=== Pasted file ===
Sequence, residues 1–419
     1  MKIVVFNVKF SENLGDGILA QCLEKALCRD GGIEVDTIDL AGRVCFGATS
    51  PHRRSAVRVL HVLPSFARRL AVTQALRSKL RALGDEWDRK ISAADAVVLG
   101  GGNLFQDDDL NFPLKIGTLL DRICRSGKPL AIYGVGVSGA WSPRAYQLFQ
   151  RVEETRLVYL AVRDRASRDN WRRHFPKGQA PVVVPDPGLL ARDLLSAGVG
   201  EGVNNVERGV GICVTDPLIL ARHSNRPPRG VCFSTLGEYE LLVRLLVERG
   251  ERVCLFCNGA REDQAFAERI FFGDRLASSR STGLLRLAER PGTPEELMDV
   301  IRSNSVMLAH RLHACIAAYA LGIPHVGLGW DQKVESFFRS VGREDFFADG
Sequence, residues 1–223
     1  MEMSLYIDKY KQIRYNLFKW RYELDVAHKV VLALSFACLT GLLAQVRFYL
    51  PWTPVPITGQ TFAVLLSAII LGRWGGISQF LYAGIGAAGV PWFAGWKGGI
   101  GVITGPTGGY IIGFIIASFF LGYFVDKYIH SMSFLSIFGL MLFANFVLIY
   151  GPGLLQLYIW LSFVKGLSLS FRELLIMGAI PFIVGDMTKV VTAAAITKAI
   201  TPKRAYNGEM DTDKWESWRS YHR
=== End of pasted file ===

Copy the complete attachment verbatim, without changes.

Sequence, residues 1–419
     1  MKIVVFNVKF SENLGDGILA QCLEKALCRD GGIEVDTIDL AGRVCFGATS
    51  PHRRSAVRVL HVLPSFARRL AVTQALRSKL RALGDEWDRK ISAADAVVLG
   101  GGNLFQDDDL NFPLKIGTLL DRICRSGKPL AIYGVGVSGA WSPRAYQLFQ
   151  RVEETRLVYL AVRDRASRDN WRRHFPKGQA PVVVPDPGLL ARDLLSAGVG
   201  EGVNNVERGV GICVTDPLIL ARHSNRPPRG VCFSTLGEYE LLVRLLVERG
   251  ERVCLFCNGA REDQAFAERI FFGDRLASSR STGLLRLAER PGTPEELMDV
   301  IRSNSVMLAH RLHACIAAYA LGIPHVGLGW DQKVESFFRS VGREDFFADG
Sequence, residues 1–223
     1  MEMSLYIDKY KQIRYNLFKW RYELDVAHKV VLALSFACLT GLLAQVRFYL
    51  PWTPVPITGQ TFAVLLSAII LGRWGGISQF LYAGIGAAGV PWFAGWKGGI
   101  GVITGPTGGY IIGFIIASFF LGYFVDKYIH SMSFLSIFGL MLFANFVLIY
   151  GPGLLQLYIW LSFVKGLSLS FRELLIMGAI PFIVGDMTKV VTAAAITKAI
   201  TPKRAYNGEM DTDKWESWRS YHR